The ABC’s of Healthcare

I go to a doctor for one reason, and one reason only; their expertise. After living with a spinal cord injury for twenty years, I have gotten to know my body extremely well, and when something is awry I can tell if is serious enough where I need to see a doctor or if it is an issue that I can handle from home. Last week, I had a headache accompanied with zero appetite and nauseousness that stayed with me all day. Since I am not a person that deals with headaches on a regular basis, I was paying particular attention to my symptoms from its onset. Of course this had to happen on a Friday, as most inconvenient things do, and we were having a few family and friends over for cocktails and laughs. My headache literally started five minutes after I finalized our evening plans, and as it escalated throughout the day, I figured I would just sip water instead of wine and blame the fact that I didn’t want to partake in dinner on a big, late lunch. About fifteen minutes after our guests left that evening, I dialed 911. My headache had suddenly taken a turn so severe and I could feel my blood pressure climbing rapidly. Something important to note about people living with spinal cord injuries… A condition called “autonomic dysreflexia” comes into play that can raise someone’s blood pressure high enough to cause a stroke. Simply put, it’s my body’s way of “automatically” telling me something is significant wrong. The good thing about this condition is my blood pressure will magically go down the moment the problem causing the dysreflexia is alleviated. The bad thing about this condition is my blood pressure will continue to rise until the problem causing the dysreflexia is alleviated. My normal blood pressure is 90/60 and by the time I got to the emergency room, it was 197/104… needless to say, I was scared. In the emergency room, we checked every part of my body to find an infection or some other explanation as to why I was so dysreflexic. In my own mind, I was thinking along the lines of “what came first, the chicken or the egg? ” Did I have a terrible headache that made me dysreflexic or was I dysreflexic for another reason? (Autonomic dysreflexia comes with a headache because of the elevated blood pressure.) Finding nothing in the ER, I was admitted for observation and was scheduled to see a neurologist the following day. It was 6:30 a.m. by the time I finally got in an actual hospital room… I had been in the ER for about nine hours. My headache was no better than when I had first arrived at the ER, my blood pressure was jumping all over the place and all I wanted to do was talk to the neurologist to get a plan of care started to find out what the hell was wrong with me. When a doctor finally came in my room, claiming himself as the neurologist, I nearly wept with relief. He was very nice but had a heavy Russian accent, and a week later, I still don’t know his name. As he examined me and asked me questions about my medical history, I asked him how we control the dysreflexia until we find out what is wrong. When he asked me to repeat myself, I simply assumed he hadn’t heard me, but that was not the case. He had no idea what autonomic dysreflexia was. I stared at him in horror. I could not believe this was the individual whose hands my life was in. I explained again, hoping it was something to do with a language barrier. It was not. He thanked me for teaching him something new and I asked to see his boss. He informed me because it was a weekend, he was the only neurologist available. After 48 hours of Dr. Russia treating me for a severe migraine, receiving fluids and heavy doses of pain medicine, my headache and blood pressure finally eased. When I returned home and was able to make sleep part of the equation, I felt even better. It remains to be seen if I am now a migraine sufferer or if what I experienced was just a fluke. Dr. Russia had no idea when I asked him. I am confident the neurologist I have seen in the past at Columbia-Presbyterian in New York City, who knows what autonomic dysreflexia is, will have some answers.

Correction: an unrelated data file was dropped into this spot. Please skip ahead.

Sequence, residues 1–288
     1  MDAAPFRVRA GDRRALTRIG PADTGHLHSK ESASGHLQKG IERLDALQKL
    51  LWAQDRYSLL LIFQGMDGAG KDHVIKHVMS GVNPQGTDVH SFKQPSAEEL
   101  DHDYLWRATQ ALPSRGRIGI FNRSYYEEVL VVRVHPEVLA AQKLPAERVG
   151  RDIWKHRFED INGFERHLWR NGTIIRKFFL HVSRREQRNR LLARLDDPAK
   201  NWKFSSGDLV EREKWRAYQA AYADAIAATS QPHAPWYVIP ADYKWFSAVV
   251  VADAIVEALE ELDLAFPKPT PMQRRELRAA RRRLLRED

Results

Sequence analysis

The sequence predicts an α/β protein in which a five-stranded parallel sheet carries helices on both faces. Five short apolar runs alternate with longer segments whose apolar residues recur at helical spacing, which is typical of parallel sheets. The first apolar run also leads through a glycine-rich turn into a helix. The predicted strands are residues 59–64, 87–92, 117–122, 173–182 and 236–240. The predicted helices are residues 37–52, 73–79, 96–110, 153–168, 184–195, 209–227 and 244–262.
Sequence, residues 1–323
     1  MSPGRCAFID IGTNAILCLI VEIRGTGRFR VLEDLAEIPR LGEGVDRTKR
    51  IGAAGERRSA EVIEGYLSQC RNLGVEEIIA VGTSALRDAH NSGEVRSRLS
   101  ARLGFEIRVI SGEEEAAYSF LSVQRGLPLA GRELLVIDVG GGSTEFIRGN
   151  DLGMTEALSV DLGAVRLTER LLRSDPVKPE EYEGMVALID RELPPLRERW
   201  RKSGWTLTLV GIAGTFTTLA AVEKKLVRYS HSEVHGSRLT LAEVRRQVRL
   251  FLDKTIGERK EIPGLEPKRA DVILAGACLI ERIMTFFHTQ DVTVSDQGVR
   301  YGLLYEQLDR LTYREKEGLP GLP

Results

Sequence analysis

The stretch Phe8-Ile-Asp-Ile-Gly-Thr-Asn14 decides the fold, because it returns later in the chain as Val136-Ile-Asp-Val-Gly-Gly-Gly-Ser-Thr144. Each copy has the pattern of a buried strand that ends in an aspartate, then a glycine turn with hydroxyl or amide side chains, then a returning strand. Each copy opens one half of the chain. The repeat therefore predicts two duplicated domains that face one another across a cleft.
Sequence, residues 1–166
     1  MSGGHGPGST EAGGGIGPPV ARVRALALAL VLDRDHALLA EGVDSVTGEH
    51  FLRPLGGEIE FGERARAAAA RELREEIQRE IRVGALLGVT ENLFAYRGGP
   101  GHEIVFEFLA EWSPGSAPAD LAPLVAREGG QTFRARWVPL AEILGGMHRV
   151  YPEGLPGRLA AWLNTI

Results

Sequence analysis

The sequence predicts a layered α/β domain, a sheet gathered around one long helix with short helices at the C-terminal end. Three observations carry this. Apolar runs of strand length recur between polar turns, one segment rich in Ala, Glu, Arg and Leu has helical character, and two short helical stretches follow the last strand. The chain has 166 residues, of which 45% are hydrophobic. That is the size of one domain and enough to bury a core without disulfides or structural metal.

Until I see my neurologist at Columbia, I feel somewhat like a ticking time bomb. What do I do if I get another headache accompanied with dysreflexia? How do I bring my blood pressure down so I do not have a stroke until I am able to get professional help? And what professional help is available to me… a hospital 20 minutes away where the neurologists don’t even know the definition of the life-threatening condition I suffer from, let alone how to treat it?! Autonomic dysreflexia may sound complicated to the laymen, but it is ABC for neurologists Universally. Currently, our country is in a great debate regarding health care. Should it be mandatory for citizens to enroll in it, should it not? Should the government be involved in it, should it not? One aspect I believe each wing would agree on is that healthcare is expensive and there is a significant amount of waste in it. If waste was eliminated, care would improve and insurance premiums would go down. I have yet to see the bill for my recent hospital visit, but after nine hours in the ER, two CAT scans, multiple x-rays, bloodwork, dozens of medications, a one to one aide in my hospital room with me around-the-clock because I cannot use a call bell due to my paralysis, topped off with a neurology consult and being an inpatient for a total of nearly forty-eight hours, I am easily looking at a bill in the tens of thousands. A portion of the payment of this bill will come out of my pocket due to recent cuts in Medicare, which is my primary insurance. New York State Medicaid is my secondary insurance, but because their reimbursement rate is so low, not many facilities accept them as payment. And I still have to go to another neurologist because the one I saw as an inpatient (which was the whole reason I was admitted and not sent home) didn’t know his ABC’s. Next time time a specialist is presented to me, I’m going to clarify this first by asking him or her to recite their ABC’s. As healthcare consumers, we all have to advocate for ourselves. Might as well cover all the bases and start at the beginning.